James Mitchell had a vision – a vast network of hydroelectric generating stations and power lines spanning the Southeast and bringing economic prosperity to a region largely excluded from the Industrial Revolution. On Jan. 5, 1912, Mitchell gave a name to his dream when he founded Alabama Traction, Light & Power, the first in a succession of holding companies that would one day evolve into Southern Company.
In 2012, Southern Company became the latest in an exclusive fraternity of U.S. businesses to celebrate its 100th anniversary – and we celebrated in style. On the morning of Jan. 5, CFO Art Beattie rang the opening bell at the New York Stock Exchange, marking the occasion for a national television audience. That afternoon, CEO Tom Fanning presided over a companywide “Founders Day” webcast that reunited the company’s four most recently retired CEOs – David Ratcliffe, Allen Franklin, Bill Dahlberg and Ed Addison. Those two events kicked off a yearlong effort to commemorate those who built and sustained our company through its first century, while sparking the imaginations of those who have inherited its legacy.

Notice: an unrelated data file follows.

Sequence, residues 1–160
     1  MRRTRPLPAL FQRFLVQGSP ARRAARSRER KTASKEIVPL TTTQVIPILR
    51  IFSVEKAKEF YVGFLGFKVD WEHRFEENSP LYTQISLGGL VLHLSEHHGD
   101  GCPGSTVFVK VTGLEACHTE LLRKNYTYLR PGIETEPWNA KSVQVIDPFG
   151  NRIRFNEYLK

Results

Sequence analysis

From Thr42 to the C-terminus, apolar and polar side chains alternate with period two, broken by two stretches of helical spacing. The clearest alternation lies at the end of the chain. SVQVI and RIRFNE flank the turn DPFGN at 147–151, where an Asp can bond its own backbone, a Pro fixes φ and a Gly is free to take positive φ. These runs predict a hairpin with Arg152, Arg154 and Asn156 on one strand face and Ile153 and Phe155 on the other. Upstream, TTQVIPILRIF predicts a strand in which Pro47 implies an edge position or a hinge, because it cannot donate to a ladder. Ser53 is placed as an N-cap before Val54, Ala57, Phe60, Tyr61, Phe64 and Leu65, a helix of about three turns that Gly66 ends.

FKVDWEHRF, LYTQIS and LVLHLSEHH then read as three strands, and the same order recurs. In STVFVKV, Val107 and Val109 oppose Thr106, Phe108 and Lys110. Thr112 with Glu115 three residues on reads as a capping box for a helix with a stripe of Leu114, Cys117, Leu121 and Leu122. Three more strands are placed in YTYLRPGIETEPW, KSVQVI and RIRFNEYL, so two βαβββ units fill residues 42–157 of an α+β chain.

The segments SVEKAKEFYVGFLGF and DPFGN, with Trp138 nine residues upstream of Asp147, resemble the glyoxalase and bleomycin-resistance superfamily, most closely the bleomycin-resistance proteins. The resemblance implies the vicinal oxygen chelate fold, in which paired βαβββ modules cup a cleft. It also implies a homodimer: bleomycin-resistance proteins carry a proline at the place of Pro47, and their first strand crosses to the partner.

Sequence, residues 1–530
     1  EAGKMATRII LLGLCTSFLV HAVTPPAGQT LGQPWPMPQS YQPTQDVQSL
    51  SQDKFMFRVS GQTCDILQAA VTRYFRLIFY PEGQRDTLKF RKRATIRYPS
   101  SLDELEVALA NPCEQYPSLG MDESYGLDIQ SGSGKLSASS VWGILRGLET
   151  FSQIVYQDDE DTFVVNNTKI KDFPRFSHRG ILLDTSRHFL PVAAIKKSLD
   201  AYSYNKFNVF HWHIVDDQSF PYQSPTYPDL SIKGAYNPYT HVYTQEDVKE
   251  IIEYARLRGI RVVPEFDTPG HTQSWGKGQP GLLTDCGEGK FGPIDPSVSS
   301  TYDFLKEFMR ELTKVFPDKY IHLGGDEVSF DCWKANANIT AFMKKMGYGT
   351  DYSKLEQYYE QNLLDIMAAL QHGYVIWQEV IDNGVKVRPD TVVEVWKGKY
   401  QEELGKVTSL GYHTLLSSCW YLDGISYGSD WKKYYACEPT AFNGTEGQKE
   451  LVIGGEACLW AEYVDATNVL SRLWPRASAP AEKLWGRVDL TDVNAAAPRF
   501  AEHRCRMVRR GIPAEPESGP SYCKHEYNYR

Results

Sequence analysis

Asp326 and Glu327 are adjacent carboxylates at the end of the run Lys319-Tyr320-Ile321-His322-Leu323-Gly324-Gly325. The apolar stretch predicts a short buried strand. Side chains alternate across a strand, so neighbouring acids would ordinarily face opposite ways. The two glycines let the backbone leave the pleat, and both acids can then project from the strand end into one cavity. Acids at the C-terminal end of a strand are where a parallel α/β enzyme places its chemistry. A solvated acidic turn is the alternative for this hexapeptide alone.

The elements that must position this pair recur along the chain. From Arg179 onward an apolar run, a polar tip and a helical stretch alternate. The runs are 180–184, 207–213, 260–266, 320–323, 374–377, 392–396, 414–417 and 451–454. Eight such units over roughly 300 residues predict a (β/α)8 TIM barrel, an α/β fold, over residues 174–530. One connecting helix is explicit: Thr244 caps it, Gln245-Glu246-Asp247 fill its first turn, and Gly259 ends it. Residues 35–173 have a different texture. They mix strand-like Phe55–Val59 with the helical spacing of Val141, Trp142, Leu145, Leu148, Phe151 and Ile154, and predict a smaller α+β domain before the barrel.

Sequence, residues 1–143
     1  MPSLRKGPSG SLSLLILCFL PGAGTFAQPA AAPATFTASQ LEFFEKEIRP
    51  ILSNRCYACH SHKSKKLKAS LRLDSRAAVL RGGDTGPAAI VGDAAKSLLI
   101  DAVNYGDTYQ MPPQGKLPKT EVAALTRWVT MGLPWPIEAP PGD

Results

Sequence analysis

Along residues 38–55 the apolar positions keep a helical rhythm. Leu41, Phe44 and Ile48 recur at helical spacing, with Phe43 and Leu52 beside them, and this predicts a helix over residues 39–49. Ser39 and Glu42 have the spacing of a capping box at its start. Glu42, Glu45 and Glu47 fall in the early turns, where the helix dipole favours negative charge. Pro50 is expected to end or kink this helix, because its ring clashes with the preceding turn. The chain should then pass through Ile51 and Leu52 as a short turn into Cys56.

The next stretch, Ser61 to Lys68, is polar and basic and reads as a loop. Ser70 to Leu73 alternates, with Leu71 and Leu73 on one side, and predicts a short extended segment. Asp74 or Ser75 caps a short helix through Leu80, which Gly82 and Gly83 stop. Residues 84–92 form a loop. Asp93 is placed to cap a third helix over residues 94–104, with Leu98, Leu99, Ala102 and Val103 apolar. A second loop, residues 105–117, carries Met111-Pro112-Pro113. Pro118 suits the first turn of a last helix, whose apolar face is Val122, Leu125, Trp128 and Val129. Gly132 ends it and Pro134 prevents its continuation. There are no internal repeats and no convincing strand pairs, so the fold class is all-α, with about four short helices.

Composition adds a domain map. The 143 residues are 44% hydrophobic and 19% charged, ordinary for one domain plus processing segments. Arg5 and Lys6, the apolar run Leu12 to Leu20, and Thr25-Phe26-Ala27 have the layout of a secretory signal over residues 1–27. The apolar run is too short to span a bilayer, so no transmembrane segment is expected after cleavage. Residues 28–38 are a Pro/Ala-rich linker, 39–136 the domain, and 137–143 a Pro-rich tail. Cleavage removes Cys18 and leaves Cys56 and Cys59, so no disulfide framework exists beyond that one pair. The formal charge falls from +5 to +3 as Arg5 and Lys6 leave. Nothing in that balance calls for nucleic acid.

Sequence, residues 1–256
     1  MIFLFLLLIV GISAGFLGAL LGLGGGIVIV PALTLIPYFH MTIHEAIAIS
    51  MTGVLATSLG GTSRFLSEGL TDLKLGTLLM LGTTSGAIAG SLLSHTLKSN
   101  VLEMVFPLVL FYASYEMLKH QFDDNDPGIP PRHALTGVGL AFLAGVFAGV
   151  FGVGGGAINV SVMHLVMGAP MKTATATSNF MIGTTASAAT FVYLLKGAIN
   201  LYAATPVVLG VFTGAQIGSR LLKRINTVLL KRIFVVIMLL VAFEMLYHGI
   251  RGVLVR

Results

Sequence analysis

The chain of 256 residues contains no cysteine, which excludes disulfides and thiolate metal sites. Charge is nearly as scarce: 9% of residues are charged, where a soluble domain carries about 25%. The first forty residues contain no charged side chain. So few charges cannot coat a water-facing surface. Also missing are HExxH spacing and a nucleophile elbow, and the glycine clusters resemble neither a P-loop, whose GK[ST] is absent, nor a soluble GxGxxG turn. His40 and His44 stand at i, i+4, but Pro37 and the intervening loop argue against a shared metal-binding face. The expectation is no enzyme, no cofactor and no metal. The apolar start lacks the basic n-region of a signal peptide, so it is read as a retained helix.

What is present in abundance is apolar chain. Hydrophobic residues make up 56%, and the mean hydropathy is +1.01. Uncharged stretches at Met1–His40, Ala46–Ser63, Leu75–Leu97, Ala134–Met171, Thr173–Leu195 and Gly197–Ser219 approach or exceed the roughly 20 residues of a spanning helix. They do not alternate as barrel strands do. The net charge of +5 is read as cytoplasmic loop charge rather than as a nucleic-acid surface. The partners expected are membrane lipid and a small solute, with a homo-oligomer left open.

James Mitchell’s pioneering spirit launched a resilient enterprise that has endured through good times and bad. In beginning our second hundred years, we are harnessing that same spirit of innovation through our commitment to “honor the past and build for the future.”